Like the eternal blood staining Lady Macbeth’s hands, the trailer for Justin Kurzel’s film has stayed with me since I first saw it at some ungodly hour last night. Kurzel cut his teeth on the Australian indie Snowtown, a film based on the true story of the Snowtown Murders. Pervaded by almost unbearable, slow-mounting tension, it’s somehow, miraculously, rendered sublime by Kurzel’s keen eye and dexterous command of tone and pacing. It’s one of the grossest (in the sense that it made me cry in the shower afterwards) films I’ve ever seen. It’s a masterpiece.
Now Kurzel is attempting the filmmaker’s version of the actor’s Hamlet challenge, making the jump from low-budget, DIY filmmaking to a studio-backed, star-laden adaptation of the Bard’s bloodiest tale. At some point or another, many great filmmakers take a stab at Shakespeare; some of the most important directors of the last century (Kurosawa, Welles, Polanski) have helmed some fine cinematic renditions of Macbeth. Though Kurzel obviously has yet to earn a place among the aforementioned three, the trailer for his Macbeth, combined with the (mostly) positive notices that greeted the film at Cannes, suggests that Kurzel may very well have crafted one a big-screen Macbeth that can stand alongside them.
The new trailer gives us glimpses of Michael Fassbender’s Macbeth, bearded and bloodied and enveloped by hellish flame, as well as Marion Cotillard’s sensuous, scheming interpretation of Lady Macbeth. These are, without a doubt, the sexiest Macbeth and Lady Macbeth yet, though Sir Patrick Stewart is also up there. The widescreen compositions are stunning, with hazy light and fog suffusing the screen and religious imagery strewn about obviously, yet aptly. The trailer shows off a layered sound design—Mallick-esque whispers, cries of “Hail Macbeth,” horror movie-inspired shhhhkkks and metallic clashing (which can be kind of annoying and lazy, but seem fine here, so we’ll see how that works in the film)—as well as Fassbender’s Macbeth and Sean Harris’ Macduff going at each other with broadswords drawn. (Spoiler?)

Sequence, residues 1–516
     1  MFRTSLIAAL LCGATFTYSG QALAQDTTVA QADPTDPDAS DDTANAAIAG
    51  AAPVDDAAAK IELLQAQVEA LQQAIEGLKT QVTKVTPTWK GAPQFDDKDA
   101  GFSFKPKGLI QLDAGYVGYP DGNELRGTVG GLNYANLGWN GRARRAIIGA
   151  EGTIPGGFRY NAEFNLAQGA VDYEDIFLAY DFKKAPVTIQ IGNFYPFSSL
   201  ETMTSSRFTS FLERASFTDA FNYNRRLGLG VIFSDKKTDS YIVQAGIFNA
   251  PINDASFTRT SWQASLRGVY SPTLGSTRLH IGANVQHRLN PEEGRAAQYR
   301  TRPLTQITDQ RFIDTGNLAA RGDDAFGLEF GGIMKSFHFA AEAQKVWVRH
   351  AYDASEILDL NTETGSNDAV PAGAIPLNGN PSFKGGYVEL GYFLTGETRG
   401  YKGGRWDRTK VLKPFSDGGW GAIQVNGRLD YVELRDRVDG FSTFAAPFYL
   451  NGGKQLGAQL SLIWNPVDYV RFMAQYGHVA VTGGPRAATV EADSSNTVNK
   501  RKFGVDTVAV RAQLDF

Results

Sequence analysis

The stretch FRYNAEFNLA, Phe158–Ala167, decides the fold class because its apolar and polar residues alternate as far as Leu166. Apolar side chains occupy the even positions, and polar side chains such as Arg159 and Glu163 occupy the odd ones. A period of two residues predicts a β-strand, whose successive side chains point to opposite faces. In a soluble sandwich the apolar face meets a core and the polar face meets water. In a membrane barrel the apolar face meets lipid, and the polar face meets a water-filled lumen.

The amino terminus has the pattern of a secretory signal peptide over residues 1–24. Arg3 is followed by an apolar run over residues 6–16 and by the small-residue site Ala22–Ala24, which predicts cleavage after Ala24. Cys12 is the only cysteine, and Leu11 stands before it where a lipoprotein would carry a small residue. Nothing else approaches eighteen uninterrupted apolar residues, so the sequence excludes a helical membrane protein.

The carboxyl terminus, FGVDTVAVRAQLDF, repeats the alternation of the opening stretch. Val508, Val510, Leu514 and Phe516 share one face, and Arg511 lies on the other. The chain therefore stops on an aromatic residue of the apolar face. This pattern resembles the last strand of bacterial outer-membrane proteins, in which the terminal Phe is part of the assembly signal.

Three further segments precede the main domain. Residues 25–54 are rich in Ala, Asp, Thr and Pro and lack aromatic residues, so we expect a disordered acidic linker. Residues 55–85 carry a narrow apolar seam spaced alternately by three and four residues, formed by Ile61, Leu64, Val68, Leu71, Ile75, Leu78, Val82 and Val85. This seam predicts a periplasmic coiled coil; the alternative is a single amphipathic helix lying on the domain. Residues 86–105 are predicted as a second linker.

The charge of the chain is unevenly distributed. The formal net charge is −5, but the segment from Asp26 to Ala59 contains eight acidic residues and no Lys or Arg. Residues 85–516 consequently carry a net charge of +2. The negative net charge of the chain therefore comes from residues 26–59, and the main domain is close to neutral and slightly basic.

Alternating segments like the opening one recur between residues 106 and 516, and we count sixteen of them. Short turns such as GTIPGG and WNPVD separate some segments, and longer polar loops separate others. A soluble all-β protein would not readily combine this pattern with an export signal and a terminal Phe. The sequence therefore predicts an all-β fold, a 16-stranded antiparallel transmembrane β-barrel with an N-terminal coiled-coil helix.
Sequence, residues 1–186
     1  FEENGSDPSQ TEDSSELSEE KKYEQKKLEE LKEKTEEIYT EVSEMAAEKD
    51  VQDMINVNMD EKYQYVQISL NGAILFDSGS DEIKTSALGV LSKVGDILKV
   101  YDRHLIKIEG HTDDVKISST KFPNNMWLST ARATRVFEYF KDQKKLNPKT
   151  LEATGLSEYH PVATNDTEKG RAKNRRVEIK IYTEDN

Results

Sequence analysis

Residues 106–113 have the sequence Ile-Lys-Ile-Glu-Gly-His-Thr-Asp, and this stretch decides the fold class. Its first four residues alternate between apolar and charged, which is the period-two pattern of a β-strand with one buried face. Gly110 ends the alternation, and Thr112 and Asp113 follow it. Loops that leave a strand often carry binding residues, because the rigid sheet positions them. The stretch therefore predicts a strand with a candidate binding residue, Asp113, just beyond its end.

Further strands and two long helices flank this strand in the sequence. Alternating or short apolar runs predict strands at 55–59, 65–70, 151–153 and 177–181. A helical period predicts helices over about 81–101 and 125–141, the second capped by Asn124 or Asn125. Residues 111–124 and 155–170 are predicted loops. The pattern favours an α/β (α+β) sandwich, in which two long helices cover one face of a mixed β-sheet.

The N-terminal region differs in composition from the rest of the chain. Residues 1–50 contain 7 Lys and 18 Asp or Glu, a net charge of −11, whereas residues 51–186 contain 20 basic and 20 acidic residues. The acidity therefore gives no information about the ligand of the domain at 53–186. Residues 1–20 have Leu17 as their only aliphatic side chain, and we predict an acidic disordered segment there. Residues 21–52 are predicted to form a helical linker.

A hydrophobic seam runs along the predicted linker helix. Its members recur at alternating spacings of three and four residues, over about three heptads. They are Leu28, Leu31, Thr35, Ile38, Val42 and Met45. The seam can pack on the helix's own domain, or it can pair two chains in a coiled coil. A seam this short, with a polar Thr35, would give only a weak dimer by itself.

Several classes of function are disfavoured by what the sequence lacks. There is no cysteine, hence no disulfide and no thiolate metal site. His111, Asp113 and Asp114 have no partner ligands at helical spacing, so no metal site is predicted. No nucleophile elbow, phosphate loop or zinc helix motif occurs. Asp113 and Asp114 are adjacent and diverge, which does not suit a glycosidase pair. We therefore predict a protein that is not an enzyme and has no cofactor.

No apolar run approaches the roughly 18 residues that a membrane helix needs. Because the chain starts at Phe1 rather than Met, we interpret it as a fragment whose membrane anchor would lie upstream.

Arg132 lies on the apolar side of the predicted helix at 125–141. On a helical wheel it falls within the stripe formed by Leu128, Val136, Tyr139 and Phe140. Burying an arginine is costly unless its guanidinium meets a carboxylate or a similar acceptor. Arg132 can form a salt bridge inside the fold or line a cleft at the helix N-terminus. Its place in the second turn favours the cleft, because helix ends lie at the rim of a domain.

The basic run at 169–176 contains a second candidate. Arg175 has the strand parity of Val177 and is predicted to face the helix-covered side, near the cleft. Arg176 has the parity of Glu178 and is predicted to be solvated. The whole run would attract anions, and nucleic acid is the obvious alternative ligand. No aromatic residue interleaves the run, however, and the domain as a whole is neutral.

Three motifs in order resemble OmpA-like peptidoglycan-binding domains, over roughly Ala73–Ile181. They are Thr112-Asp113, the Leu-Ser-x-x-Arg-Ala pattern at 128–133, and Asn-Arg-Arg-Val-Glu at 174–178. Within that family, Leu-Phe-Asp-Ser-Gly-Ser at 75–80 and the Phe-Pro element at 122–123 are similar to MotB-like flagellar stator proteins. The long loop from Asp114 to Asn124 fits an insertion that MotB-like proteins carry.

With Snowtown, Kurzel gave a deliberate, incisive look at masculinity and manhood, of violence begetting violence and the tar-pit-like immurement of blood spilled. Macbeth looks like it shares the same ideas, but splashed across a much wider, more expensive canvas.
The trail of the tape
Director: Justin Kurzel
Screenwriters: Michael Lesslie, Todd Louiso, Jacob Koskoff
Cast: Michael Fassbender, Marion Cotillard, Sean Harris, Elizabeth Debicki, David Thewlis
The entire trailer in one line: “I dare do all that may become a man.”
The entire trailer in one screengrab:
Part of what makes this trailer so fiendishly beguiling is the choice of music: In the second half of the two-minute trailer, a sample from Swans’ nightmarish, two-hour double LP The Seer crescendos, conjured up from eerie silence like one of the witches’ spells. One of the best (if not exactly most accessible) rock albums from this decade, The Seer fits Kurzel’s style like a custom-made sheath on King Macbeth’s sword. Why more filmmakers haven’t tapped Michael Gira’s no-wave band is a mystery that may never be solved, but praise belongs to whoever realized the droning cacophony of Swans fit Macbeth so well. Something wicked indeed.